For me, entrepreneurship is a way of life it can offer limitless possibilities. However, most entrepreneurs fail. Why is that?

Here are 7 Indicators of entrepreneurs who are doomed to fail. Take your time to go through the list, be honest, does your business display any of the signs listed?

I have written this article not to scare or panic you, but rather to alert you. We all need to take stock, analyze and accept constructive criticism in the knowledge that quick action can avert your dream from going up in flames!

Monumental Expectations

Entrepreneurs who fail often do so because they are inundated with Rags to Riches stories and bombarded with social media all telling them how to get rich quick. They fail because they often live in a world of fantasy, believing that they’re just a sale away from revolutionizing an industry and becoming filthy rich.

No man is an island

A famous quote by John Donne in 1624. It means humans can not get along with their lives alone and succeed. We are all dependent on other people and we need them. There is a limit to what an individual can achieve alone. The entrepreneur is on the path to failure if he will not empower others nor seek the help of others for fear that they might outshine him/her. Great things are seldom achieved alone.

As an entrepreneur, it’s very important you understand that whatever it is you have in your mind to create it will never be entirely yours to control, you are only a vessel through which an idea, innovation or product/service is being launched.

So, you must cast aside any insecure feelings that someone is going to beat you to it. The more insecure you are and the more you keep refusing the help of people better qualified than you in certain areas, the more you endanger the chance of that idea, innovation, product or service ever becoming a reality.

Low visibility

Pilots talk of the problems associated with low visibility approaches to runways. But to Entrepreneurs visibility should be equally important. They often fail because their companies are invisible to the world because they cannot bear to spend money on marketing and PR. This is a huge mistake that some entrepreneurs make when the going gets tough and finance is in short supply. You need to get the word out early and often via all available media, especially digital media: if they cannot find you, they cannot buy you. The internet is your friend. Check out www.zzap.com, here we have created an excellent platform to display our products. A poor website is a well-trodden route to failure.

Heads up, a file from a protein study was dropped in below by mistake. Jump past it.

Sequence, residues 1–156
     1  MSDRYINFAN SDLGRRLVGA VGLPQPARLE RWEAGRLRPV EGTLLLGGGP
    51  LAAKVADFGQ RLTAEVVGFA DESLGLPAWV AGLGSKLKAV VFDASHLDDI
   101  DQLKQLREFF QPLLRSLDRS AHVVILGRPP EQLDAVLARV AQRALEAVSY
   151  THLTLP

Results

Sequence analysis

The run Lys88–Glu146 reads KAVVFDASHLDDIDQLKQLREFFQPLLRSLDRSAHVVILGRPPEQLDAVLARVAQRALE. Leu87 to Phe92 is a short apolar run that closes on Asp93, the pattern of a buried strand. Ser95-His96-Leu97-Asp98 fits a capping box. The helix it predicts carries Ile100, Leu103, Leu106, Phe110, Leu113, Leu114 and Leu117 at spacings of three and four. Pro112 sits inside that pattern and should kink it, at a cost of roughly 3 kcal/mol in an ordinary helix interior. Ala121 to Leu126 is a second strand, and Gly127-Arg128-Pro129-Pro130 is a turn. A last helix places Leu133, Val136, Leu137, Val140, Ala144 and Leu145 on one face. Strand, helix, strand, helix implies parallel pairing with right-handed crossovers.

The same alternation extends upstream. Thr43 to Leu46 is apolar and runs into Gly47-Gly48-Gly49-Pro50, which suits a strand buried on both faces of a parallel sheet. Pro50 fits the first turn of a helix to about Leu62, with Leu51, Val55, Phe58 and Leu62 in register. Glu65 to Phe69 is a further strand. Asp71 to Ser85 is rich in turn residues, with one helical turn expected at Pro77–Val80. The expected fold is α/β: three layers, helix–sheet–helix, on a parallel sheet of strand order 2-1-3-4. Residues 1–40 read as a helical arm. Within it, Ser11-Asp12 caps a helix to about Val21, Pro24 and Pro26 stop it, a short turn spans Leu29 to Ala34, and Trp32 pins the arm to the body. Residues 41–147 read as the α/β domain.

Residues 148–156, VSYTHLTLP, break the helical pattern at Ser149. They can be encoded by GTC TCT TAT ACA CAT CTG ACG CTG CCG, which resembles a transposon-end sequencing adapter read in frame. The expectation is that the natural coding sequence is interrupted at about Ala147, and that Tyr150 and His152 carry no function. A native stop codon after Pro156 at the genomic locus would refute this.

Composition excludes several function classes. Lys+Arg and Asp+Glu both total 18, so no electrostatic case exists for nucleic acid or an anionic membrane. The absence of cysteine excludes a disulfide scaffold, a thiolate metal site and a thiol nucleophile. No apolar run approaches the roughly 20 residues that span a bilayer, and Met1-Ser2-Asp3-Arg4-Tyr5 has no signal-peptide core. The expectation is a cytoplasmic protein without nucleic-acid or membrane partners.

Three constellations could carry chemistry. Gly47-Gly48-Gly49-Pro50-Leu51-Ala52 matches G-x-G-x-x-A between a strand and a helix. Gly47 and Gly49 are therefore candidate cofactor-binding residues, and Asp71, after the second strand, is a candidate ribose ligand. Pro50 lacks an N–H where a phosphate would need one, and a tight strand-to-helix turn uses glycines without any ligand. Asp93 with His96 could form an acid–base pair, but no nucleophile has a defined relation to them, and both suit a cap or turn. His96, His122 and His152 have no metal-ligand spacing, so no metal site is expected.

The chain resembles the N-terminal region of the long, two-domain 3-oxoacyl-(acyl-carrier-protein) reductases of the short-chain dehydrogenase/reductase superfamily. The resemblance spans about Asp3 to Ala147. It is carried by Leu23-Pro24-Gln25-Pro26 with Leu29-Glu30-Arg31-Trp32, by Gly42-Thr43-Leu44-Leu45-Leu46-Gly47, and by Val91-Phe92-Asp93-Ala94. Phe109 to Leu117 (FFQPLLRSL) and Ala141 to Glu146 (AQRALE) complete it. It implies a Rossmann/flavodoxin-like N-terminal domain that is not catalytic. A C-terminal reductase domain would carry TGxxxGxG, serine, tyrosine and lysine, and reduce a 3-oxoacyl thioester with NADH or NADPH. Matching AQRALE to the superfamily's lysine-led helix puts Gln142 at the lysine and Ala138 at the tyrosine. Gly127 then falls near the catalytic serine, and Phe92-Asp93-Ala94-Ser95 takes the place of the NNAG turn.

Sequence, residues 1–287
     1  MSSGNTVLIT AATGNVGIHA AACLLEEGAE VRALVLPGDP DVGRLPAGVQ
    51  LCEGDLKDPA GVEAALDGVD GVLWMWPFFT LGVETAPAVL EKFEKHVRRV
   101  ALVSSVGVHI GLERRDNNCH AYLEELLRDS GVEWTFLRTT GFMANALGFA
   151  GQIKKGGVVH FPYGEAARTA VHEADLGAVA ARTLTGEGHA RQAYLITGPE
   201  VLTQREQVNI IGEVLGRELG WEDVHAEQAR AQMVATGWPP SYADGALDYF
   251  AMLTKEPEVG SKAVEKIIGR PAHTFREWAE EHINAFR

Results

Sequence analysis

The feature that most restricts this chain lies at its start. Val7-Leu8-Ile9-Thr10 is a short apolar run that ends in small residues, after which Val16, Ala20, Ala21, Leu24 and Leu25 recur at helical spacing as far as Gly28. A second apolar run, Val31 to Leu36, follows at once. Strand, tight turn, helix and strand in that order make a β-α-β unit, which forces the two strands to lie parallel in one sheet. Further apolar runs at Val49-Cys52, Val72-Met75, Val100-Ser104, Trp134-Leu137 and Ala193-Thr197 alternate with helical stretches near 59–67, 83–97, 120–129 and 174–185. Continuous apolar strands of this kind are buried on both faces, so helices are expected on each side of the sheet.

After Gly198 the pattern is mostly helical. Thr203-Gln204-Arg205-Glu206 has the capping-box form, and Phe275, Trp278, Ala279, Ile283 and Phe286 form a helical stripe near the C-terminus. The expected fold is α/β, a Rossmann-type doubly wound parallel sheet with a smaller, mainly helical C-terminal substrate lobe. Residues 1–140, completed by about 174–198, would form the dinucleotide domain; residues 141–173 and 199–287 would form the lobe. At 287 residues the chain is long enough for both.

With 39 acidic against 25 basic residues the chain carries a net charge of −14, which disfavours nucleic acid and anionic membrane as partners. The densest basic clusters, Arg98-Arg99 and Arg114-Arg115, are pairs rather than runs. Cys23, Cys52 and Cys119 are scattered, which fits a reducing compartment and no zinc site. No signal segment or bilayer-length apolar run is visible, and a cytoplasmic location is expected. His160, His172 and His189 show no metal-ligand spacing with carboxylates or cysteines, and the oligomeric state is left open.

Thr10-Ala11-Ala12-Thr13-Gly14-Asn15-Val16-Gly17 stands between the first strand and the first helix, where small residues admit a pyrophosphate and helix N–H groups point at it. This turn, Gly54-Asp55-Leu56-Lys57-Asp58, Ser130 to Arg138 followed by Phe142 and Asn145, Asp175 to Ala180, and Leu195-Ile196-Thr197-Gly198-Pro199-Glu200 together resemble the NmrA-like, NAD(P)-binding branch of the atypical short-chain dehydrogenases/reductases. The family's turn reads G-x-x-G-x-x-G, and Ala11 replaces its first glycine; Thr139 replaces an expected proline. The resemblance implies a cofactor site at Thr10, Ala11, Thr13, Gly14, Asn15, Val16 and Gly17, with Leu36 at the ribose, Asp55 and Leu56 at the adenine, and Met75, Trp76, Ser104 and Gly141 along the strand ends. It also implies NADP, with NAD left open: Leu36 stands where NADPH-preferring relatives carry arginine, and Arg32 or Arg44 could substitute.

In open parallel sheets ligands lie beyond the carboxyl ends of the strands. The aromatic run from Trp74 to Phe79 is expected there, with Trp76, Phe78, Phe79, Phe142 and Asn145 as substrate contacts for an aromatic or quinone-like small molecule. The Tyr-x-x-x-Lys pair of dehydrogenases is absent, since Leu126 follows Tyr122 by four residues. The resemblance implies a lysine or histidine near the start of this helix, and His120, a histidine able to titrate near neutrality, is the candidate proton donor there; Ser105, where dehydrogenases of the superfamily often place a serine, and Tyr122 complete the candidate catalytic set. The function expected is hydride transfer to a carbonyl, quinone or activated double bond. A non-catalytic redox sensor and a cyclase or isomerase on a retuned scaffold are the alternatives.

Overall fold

Reluctant to take Risks

The fear of failure is another reason why entrepreneurs fail in business. It doesn’t matter what business you are in, whether it is popular or cool or sexy. What matters is that it mattered enough to you that you are willing to do whatever it takes to make your idea become a reality.

An entrepreneur must ignore the current fashion, must be brave when others doubt, cast aside the fear of failure, being laughed at, losing money, being called crazy, etc. You need to look your fear in the eye and step out in spite of it. Don’t allow fear of failure to hold you back, face up to fear and the death of fear is certain.

Unsuccessful Sales

Entrepreneurs often fail because they cannot sell at the right price to the right clients at the right time. Start-up sales are totally different from the sales that established companies enjoy a week in week out. Good entrepreneurs understand all forms and processes, how to sell to the right early customers. Entrepreneurs who fail, short change sales in favor of competing activities, such as R&D. Be prepared to sell at margins well below what you would normally expect in order to get your product/service known and respected. It is a common mistake to overvalue your dream.

Bad Partners

With this, I mean bad for business, not in a social sense. My business partner and I have been developing and growing ZZap since its inception in 2010. We both share the same vision, but crucially we have different strengths and abilities. When we don’t see eye to eye we discuss, adapt, change and ultimately come away with a more robust business plan for the way forward. Be wary of colleagues who agree with everything you say. Recommendations from people that do not share the same values as you and are unfamiliar to you, partners who use you to channel their own sales, lawyers that rack up unnecessary fees and gurus that know just about everything about anything. So ask yourself “is this partner really worth my time? 

Too Much Competition

If you do not have any competitors then maybe your idea is out of the market. However, too much competition can kill a business because your team cannot cope.

When I started ZZap a cash handling company there were many players in the market. The only way we succeeded was by being the best. This may sound arrogant, but to succeed in any crowded market you need to be “simply the best”. Oh, how nice it would be to have an idea that no one else has thought about. But the reality is that most successful businesses are just old ideas given a new twist or small incremental improvements on current products.

 

Published by Andy Margison